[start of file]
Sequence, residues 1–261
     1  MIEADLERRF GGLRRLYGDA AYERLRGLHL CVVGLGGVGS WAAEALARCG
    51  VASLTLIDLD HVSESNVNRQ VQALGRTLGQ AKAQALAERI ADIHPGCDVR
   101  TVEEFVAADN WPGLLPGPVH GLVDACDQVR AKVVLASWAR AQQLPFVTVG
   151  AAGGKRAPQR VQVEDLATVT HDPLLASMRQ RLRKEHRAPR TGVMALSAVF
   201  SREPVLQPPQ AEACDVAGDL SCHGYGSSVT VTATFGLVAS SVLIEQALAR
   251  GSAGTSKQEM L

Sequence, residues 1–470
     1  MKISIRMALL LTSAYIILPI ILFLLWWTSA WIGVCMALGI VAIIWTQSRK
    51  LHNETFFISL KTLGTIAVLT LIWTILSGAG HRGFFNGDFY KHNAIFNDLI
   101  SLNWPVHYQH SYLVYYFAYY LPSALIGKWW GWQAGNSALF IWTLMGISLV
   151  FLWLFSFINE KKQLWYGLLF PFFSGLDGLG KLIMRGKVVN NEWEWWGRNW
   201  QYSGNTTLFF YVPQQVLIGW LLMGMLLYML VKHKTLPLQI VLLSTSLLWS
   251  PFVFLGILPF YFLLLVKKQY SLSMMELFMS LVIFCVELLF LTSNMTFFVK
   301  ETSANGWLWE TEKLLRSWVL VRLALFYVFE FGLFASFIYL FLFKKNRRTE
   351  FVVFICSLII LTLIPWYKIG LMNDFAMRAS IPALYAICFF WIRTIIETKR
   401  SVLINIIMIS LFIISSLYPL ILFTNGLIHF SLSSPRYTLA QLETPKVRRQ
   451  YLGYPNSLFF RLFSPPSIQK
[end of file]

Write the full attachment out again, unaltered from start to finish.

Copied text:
Sequence, residues 1–261
     1  MIEADLERRF GGLRRLYGDA AYERLRGLHL CVVGLGGVGS WAAEALARCG
    51  VASLTLIDLD HVSESNVNRQ VQALGRTLGQ AKAQALAERI ADIHPGCDVR
   101  TVEEFVAADN WPGLLPGPVH GLVDACDQVR AKVVLASWAR AQQLPFVTVG
   151  AAGGKRAPQR VQVEDLATVT HDPLLASMRQ RLRKEHRAPR TGVMALSAVF
   201  SREPVLQPPQ AEACDVAGDL SCHGYGSSVT VTATFGLVAS SVLIEQALAR
   251  GSAGTSKQEM L

Sequence, residues 1–470
     1  MKISIRMALL LTSAYIILPI ILFLLWWTSA WIGVCMALGI VAIIWTQSRK
    51  LHNETFFISL KTLGTIAVLT LIWTILSGAG HRGFFNGDFY KHNAIFNDLI
   101  SLNWPVHYQH SYLVYYFAYY LPSALIGKWW GWQAGNSALF IWTLMGISLV
   151  FLWLFSFINE KKQLWYGLLF PFFSGLDGLG KLIMRGKVVN NEWEWWGRNW
   201  QYSGNTTLFF YVPQQVLIGW LLMGMLLYML VKHKTLPLQI VLLSTSLLWS
   251  PFVFLGILPF YFLLLVKKQY SLSMMELFMS LVIFCVELLF LTSNMTFFVK
   301  ETSANGWLWE TEKLLRSWVL VRLALFYVFE FGLFASFIYL FLFKKNRRTE
   351  FVVFICSLII LTLIPWYKIG LMNDFAMRAS IPALYAICFF WIRTIIETKR
   401  SVLINIIMIS LFIISSLYPL ILFTNGLIHF SLSSPRYTLA QLETPKVRRQ
   451  YLGYPNSLFF RLFSPPSIQK